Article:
China hopes that all par­ties would “speak and act with cau­tion and do more things that are con­ducive to de-es­ca­lat­ing the tense sit­u­a­tion and en­hanc­ing mu­tual trust among par­ties, rather than re­lapse into the old path of show­ing as­sertive­ness and es­ca­lat­ing ten­sions,” the state­ment said.

CON­CERNS OVER­SEAS

Trump, talk­ing to re­porters Fri­day, dis­missed the for­eign lead­ers, law­mak­ers and na­tional se­cu­rity ex­perts who in re­cent days have called his threats rash and reck­less.

“My crit­ics are only say­ing that be­cause it’s me,” Trump said. “If some­body ut­tered the ex­act same words that I ut­tered, they’d say, ‘What a great state­ment, what a won­der­ful state­ment.’”

Still, some for­eign lead­ers con­tin­ued to ex­press con­cerns over his rhetoric.

Rus­sia’s for­eign min­is­ter, Sergey Lavrov, es­ti­mated the risk of a mil­i­tary con­flict be­tween the U.S. and North Korea as “very high,” and said Moscow was deeply con­cerned.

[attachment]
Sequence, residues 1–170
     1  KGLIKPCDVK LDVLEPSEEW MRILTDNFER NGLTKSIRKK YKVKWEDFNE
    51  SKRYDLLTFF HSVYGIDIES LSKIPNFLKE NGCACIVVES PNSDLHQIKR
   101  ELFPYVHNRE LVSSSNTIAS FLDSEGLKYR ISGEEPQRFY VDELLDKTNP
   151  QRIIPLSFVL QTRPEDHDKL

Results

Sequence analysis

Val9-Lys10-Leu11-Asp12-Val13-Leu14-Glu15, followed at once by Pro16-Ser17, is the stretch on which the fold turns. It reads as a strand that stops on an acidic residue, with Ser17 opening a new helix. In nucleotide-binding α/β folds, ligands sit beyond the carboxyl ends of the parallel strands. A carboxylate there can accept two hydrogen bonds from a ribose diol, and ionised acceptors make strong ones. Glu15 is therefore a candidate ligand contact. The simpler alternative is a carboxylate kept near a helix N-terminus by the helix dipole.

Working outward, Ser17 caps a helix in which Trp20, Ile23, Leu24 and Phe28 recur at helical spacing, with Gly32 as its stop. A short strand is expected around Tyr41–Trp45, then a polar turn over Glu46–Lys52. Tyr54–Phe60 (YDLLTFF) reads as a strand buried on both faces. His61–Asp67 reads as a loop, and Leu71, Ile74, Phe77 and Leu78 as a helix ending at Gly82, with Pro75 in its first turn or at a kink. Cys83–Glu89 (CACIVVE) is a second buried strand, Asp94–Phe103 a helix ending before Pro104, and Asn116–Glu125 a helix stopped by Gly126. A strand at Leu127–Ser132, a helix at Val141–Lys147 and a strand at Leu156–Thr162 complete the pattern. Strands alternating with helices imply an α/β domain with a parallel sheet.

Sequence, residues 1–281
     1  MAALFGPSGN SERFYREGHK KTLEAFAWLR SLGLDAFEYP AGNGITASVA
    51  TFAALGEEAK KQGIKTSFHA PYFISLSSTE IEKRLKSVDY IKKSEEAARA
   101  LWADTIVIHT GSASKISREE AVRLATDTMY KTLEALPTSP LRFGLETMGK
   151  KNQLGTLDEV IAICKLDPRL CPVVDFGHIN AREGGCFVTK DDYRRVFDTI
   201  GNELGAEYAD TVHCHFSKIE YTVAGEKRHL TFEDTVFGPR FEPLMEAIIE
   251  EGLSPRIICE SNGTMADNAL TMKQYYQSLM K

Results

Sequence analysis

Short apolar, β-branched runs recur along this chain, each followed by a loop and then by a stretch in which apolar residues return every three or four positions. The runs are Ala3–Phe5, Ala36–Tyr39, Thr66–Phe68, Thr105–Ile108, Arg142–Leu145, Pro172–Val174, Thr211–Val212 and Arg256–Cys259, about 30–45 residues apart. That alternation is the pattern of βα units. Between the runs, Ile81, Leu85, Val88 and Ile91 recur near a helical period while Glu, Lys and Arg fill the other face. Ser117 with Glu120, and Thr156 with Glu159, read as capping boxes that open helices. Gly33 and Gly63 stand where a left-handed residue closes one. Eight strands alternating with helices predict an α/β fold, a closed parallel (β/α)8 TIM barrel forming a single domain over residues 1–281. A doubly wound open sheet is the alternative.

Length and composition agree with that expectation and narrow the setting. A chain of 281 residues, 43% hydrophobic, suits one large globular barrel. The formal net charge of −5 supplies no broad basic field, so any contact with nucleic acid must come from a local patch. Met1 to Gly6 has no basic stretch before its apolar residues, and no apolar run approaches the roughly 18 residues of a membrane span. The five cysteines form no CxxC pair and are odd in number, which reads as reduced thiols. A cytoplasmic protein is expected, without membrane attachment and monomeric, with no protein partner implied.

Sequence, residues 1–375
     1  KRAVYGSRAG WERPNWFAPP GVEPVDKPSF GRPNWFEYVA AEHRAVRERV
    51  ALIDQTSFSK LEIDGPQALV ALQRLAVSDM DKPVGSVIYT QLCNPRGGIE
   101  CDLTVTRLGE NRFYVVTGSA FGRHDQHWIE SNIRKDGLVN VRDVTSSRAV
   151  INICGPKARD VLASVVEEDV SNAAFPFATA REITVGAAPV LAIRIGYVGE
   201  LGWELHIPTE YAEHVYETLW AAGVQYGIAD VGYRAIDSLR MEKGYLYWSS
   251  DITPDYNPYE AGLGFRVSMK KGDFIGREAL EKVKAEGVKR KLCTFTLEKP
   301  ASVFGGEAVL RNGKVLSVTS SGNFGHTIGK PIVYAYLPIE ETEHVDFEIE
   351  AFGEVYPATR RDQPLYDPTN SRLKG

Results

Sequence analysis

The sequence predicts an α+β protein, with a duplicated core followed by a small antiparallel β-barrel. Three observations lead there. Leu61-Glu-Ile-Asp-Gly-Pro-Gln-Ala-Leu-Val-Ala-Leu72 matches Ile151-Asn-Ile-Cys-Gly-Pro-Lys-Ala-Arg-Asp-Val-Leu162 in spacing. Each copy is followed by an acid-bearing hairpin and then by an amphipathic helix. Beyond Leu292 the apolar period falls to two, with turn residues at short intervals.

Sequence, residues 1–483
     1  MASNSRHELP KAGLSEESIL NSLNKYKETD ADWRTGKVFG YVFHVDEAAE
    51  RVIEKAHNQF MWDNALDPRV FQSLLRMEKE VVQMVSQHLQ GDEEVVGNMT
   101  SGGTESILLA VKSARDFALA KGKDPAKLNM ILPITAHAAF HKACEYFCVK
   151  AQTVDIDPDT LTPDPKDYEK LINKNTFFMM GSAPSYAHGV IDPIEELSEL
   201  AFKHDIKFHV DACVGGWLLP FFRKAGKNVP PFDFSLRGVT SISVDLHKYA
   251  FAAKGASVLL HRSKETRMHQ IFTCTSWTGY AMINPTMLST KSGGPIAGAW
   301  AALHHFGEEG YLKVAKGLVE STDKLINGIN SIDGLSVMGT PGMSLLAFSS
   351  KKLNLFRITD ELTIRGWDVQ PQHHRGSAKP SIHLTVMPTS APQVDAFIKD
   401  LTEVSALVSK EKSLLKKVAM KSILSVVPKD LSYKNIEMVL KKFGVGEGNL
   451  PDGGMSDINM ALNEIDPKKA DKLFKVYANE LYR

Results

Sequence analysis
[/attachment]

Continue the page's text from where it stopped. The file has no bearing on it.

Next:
“When you get close to the point of a fight, the one who is stronger and wiser should be the first to step back from the brink,” Lavrov said Fri­day.

“I don’t see a mil­i­tary so­lu­tion and I don’t think it’s called for,” said Ger­man Chan­cel­lor An­gela Merkel. She de­clined to say whether Ger­many would stand with the U.S. in case of a mil­i­tary con­flict with North Korea and called on the U.N. Se­cu­rity Coun­cil to con­tinue to ad­dress the is­sue.

“I think es­ca­lat­ing the rhetoric is the wrong an­swer,” Merkel added.

“Let her speak for Ger­many,” Trump said, when asked about the com­ment. “Per­haps she is re­fer­ring to Ger­many. She’s cer­tainly not re­fer­ring to the United States, that I can tell you.”

Prime Min­is­ter Mal­colm Turn­bull of Aus­tralia, on the other hand, said his coun­try would sup­port the United States if the ally was at­tacked by North Korea. In a state­ment re­leased af­ter a meet­ing with the de­fense of­fi­cials and pol­icy ex­perts on the sit­u­a­tion in the Korean Penin­sula, Turn­bull de­nounced North Korea’s “il­le­gal, reck­less, provoca­tive con­duct,” which he said threat­ened sta­bil­ity in the re­gion and “put the world at risk.”